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Why Quitting Job for a Dream is Bad Idea

What Jeff Goins, who is a writer and entrepreneur, thinks about why risk and reward stories are nothing more than fairy tales. >>>
be-in-the-loop - Why Quitting Job for a Dream is Bad Idea

What Jeff Goins, who is a writer and entrepreneur, thinks about why risk and reward stories are nothing more than fairy tales.

Not long ago, my friend Brian quitted the job of a technical writer in the company that is in the “Fortune 500” list to try something new. On his last day at the office, colleagues expressed a mixture of envy and surprise. They could not believe that he had really made such a leap into the unknown. But in fact, Brian has been planning this moment for 10 years. Take a close look at business books, listen how the self-taught guru nostalgically recalls the beginning of his career, or visit an old friend who once achieved success, and you will probably hear the same phrase: “I took the risk.”

We like to remember these phrases when we talk about great success. This is the morality underlying the stories of risk and reward that we constantly hear from wealthy entrepreneurs, movie stars and successful artists. But this is a lie.

Big changes are occurring slowly

Recently, in an interview, I was asked how I became a professional writer. The podcast author wanted to know what was the turning point for me.

I replied: “There were no such things. Nothing serious. There were just a lot of small changes that have come together over time. ”

For a long time, this confused me. I did not have a turning point; there was no dramatic declaration of peace that changed everything. But as soon as I learned to look at someone else’s success impartially, I realized that the strategy of slow and steady changes may be more common than we think. In 1975, Bill Gates founded Microsoft. Only six years later, he signed a contract with IBM. Then it took another five years for the company to become public, making Gates a multimillionaire — which led to his so-called “instant success”.

be-in-the-loop - Why Quitting Job for a Dream is Bad Idea

It took Steve Jobs even longer. He founded Apple Computer with Steve Wozniak in 1976, but the company could not boast of great success until 1984 when the Macintosh appeared. And even after this, Jobs had a hard time: he had to endure the expulsion from his own company, which only after his return became a global giant, as we know it today.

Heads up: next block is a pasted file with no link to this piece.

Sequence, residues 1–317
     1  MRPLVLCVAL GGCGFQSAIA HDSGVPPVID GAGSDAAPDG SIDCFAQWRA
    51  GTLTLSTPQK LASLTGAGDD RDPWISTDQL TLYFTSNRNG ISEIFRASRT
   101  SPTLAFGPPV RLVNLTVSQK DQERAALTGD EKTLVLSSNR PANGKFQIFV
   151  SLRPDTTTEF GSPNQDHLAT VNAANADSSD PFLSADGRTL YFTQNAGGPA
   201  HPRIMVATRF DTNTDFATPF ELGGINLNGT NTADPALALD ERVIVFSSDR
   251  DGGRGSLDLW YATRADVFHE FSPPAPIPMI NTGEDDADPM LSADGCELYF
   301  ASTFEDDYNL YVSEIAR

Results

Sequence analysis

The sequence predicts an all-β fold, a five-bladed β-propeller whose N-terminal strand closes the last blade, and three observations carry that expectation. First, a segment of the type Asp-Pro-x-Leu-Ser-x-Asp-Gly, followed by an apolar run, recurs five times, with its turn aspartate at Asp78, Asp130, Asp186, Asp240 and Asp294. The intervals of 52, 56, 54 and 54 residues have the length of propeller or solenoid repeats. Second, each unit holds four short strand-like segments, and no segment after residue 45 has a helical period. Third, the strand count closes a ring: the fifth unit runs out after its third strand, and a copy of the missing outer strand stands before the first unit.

This is consistent with the ideas of the psychologist Karl Anders Eriksson, who is known for his theory of “deliberate practice” and the “rule of 10 thousand hours.” In his research, Ericsson showed that in order to become an expert in your field, it takes at least 10 thousand hours of practice. In other words, before you quit your job and rush to new projects, try not to rush to get the skills you need to complete them successfully.

How do high hopes disappoint us

And we are still obsessed with the idea of ​​rapid changes – perhaps more than ever, given the incessant emergence of breakthrough technology startups and the ease of launching an online business. We assume that big success is the story of how one unusual person made a risky bet and won. But usually, things are very different.

One of the reasons is that in reality our brains are programmed to resist drastic changes. This is how Robert Maurer, author of the book “One Small Step Can Change Your Life: The Kaizen Way”, explains such thing:

be-in-the-loop - Why Quitting Job for a Dream is Bad Idea

“The brain reacts to serious tests, activating the tonsil, the center of fear in the brain. If the test seems too difficult, if the first attempts fail, the fear increases and the person gives up, often it brings harm to self-esteem. If the movement to the goal occurs in small steps, the center of fear is silent, and the brain develops new good habits, repeating the same actions over and over again. ”

Maurer advocates the use of the concept of kaizen — this Japanese word means a process of continuous, gradual improvement. Instead of trying to quickly lose weight, exercise for a minute a day, then two, three, and so on. Over time, these small efforts can turn into something big and sustainable.

Instead of jumping into the abyss

So how can you apply Maurer’s advice?

  •  Start with small things — really small. Most people think that great things require great beginnings. But it is not so.
  • Form the right habits. Any business — from yoga to auto repair -– everything requires practice. And the more you work on it, the easier it will be for you. Habits make work easier and make us better.
  • Keep in mind that as you accumulate a skill, you increase the demand for it. And in the end, it turns out that your path to success is not a leap into the abyss, but a reliable bridge that you slowly and consciously built year after year. Yes, Hollywood is unlikely to make a film about it. But you will have a much better chance of success.

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